For the past several years the Vermont Legislature has had great difficulty passing laws that effectively deal with the issues facing Vermonters.

Efforts to create good jobs, provide preschool to children who live in poverty, enable low income students to access college classes, and control the continuing increase in property taxes have fallen well short of their goals.

Mandates to improve coordination and cooperation between social service agencies have not been successful, to the point where a principal seeking support and protection for a bruised seven year old who doesn’t want to go home after school for fear of being killed by a parent cannot get a response from Child and Family Services and has to call the police to get a judge to intervene.

Act 46, a law intended to eliminate local school boards and institute centralized control, has divide communities and school boards across the state.  The headlong rush to qualify for the tax breaks contained in the law must be slowed down.  Deadlines need to be pushed back a year so communities have time to explore reforms that are best for children, not just superintendents.

Attempts to finally make it legal for adults to grow small amounts of cannabis for personal use have been overrun by efforts to create a profitable monopoly and a state bureaucracy to regulate it.

Real Understanding is Needed at the Local Level

Although these are complex and entrenched problems, there are programs and public policies that have proven effective in addressing them. Unfortunately, rather than obtaining advice from people working in these fields and taking the time to fully understand these issues, our state government has chosen to listen to the lobbyists who have overrun the State House promoting the narrow interests of their employers.  They rely on agency bureaucrats who often have little real understanding of what is needed at the local level.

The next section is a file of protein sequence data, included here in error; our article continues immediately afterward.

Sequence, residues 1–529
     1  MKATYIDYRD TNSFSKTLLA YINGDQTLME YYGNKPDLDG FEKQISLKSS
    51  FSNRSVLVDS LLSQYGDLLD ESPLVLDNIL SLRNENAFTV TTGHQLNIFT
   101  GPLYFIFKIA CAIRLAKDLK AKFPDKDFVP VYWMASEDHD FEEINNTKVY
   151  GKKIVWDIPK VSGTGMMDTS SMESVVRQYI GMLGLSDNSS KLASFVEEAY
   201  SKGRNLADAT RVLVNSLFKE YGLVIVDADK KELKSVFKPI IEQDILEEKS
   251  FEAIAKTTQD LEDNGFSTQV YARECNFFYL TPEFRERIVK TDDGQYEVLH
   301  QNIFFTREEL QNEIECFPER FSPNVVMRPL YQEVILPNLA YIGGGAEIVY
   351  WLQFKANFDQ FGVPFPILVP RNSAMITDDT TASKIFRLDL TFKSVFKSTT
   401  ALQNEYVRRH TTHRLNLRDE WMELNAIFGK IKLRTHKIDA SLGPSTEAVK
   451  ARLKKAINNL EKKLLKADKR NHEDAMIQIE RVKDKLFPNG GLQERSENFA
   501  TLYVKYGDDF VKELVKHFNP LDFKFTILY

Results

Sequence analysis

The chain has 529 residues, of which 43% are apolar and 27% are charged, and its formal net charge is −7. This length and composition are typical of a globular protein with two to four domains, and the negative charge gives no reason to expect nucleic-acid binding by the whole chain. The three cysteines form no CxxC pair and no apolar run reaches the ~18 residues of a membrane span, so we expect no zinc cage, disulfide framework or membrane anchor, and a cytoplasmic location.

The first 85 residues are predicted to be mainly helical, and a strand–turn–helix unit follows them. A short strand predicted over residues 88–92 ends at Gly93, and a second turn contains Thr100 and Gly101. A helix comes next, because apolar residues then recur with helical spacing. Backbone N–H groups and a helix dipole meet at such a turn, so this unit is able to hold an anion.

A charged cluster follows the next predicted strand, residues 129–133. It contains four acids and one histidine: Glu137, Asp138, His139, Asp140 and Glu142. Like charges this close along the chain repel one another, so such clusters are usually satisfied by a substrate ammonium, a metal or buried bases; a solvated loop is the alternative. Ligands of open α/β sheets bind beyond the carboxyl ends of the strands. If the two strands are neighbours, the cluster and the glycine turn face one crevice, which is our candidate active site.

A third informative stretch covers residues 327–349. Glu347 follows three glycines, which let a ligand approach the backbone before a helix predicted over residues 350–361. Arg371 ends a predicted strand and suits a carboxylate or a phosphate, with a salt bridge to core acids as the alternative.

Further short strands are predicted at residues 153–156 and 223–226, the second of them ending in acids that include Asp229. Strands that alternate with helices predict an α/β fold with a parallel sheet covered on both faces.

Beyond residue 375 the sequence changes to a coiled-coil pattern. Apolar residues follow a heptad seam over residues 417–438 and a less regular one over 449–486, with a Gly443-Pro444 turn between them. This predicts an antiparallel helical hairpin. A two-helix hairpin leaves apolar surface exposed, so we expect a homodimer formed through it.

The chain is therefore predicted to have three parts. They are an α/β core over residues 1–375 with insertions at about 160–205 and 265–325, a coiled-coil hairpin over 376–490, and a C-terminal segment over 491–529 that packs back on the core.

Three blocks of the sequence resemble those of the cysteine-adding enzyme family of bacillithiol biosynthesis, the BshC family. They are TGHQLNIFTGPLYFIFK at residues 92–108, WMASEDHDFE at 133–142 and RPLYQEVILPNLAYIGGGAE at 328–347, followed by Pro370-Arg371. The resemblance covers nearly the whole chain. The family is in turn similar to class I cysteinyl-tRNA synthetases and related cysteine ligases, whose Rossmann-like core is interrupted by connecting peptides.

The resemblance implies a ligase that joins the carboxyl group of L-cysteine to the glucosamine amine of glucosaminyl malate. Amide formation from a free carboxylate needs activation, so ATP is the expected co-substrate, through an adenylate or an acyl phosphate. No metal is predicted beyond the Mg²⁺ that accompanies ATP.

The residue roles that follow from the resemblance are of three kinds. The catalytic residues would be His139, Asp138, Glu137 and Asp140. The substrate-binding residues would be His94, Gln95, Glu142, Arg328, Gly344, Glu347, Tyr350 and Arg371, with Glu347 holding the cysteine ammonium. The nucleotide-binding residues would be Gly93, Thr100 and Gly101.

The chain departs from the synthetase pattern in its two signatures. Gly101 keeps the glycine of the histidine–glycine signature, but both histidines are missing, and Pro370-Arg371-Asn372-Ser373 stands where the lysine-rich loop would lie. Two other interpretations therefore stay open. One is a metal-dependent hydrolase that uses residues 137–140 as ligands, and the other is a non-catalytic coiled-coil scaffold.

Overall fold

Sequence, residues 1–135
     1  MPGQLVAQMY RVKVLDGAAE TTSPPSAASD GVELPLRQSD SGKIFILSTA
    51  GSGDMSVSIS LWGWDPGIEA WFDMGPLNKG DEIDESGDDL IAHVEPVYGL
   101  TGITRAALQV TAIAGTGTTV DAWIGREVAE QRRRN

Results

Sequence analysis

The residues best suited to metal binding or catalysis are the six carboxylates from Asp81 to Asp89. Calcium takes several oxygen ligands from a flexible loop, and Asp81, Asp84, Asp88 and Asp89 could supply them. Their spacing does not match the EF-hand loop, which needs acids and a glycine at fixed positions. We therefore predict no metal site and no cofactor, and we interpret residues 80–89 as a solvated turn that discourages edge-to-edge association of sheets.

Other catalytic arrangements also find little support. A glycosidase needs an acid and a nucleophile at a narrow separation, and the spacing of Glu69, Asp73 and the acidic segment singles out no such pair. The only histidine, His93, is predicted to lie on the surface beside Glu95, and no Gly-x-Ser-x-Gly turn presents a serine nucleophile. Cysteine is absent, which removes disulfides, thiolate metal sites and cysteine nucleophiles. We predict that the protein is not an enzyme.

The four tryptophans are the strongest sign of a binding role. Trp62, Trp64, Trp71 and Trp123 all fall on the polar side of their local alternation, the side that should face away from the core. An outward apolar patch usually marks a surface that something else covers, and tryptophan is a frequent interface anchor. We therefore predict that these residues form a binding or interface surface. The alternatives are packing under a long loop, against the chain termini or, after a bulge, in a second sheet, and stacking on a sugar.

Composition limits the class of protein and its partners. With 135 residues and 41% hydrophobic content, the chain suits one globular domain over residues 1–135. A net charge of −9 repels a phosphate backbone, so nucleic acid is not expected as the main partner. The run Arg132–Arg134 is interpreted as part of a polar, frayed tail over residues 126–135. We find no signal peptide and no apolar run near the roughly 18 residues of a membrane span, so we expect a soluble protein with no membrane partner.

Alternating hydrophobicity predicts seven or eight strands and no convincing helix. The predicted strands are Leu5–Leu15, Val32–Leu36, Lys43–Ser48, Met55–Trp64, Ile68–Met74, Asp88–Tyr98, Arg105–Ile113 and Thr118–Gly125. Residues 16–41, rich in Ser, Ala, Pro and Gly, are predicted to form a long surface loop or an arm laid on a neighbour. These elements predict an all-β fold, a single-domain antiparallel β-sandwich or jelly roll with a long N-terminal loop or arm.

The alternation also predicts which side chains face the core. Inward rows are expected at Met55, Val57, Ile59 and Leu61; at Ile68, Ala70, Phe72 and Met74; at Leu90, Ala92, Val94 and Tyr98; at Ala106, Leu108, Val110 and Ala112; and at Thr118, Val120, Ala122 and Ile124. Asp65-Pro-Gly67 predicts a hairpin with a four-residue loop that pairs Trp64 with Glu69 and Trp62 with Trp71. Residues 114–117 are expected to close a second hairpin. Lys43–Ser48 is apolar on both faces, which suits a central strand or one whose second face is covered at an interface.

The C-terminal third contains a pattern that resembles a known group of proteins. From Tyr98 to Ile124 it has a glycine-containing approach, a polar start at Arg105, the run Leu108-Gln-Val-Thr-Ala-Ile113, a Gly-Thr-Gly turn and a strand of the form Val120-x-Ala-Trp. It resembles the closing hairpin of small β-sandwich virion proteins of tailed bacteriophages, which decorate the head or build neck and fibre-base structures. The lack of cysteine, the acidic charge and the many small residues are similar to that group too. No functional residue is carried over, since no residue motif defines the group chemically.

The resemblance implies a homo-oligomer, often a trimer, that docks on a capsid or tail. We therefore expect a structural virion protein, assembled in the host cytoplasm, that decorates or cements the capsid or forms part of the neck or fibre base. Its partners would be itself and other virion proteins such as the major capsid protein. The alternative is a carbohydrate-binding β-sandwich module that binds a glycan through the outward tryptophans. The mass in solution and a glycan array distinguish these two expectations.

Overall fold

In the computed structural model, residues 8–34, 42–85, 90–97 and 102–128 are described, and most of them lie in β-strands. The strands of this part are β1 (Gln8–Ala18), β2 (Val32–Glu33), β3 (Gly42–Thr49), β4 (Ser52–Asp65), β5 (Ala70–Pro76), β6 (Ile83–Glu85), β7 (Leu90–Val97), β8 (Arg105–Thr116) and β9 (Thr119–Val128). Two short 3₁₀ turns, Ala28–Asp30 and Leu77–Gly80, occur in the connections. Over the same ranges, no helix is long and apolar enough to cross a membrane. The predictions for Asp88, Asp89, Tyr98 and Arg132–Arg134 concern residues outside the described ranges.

Our children still leave Vermont to find good jobs, our population continues to age despite an ongoing influx of young people who appreciate the beauty, creativity and healthfulness of our communities. The growth in the number of children living in poverty continues unabated despite the efforts of hundreds of individuals and organizations around the state, and property taxes hamper our growth and opportunity.  The seemingly unstoppable growth of opiate abuse is accelerating this trend.

Dave Schoales Makes a Difference

I have always looked to the future when serving on boards and committees, and at the same time I have worked independently to get things done in a way that makes a real difference, including:

  • hiring preferences for local residents on town projects
  • energy audits and upgrades to reduce school and town costs
  • leading the effort to cover the county landfill with solar panels (savings towns and taxpayers millions over the life of the project
  • getting the town schools to use lower cost solar electricity and pettet boilers
  • lobbying to make sure local experts and contractors get contracts for public projects in towns and schools across the county.